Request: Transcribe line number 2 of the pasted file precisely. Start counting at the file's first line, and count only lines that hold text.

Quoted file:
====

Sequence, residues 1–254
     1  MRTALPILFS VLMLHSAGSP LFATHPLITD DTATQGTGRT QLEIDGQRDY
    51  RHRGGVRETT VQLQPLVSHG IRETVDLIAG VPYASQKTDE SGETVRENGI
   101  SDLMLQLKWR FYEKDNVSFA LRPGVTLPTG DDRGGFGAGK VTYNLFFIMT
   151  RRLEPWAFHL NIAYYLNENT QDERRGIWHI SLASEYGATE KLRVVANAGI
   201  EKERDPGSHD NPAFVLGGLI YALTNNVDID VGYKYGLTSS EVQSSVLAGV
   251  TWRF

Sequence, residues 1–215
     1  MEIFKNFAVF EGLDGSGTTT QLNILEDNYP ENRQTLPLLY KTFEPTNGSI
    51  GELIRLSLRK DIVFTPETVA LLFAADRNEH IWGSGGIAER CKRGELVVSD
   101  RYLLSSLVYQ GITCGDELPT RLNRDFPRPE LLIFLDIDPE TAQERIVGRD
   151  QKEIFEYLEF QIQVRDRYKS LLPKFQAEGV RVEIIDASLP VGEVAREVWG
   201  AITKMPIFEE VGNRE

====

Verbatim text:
     1  MRTALPILFS VLMLHSAGSP LFATHPLITD DTATQGTGRT QLEIDGQRDY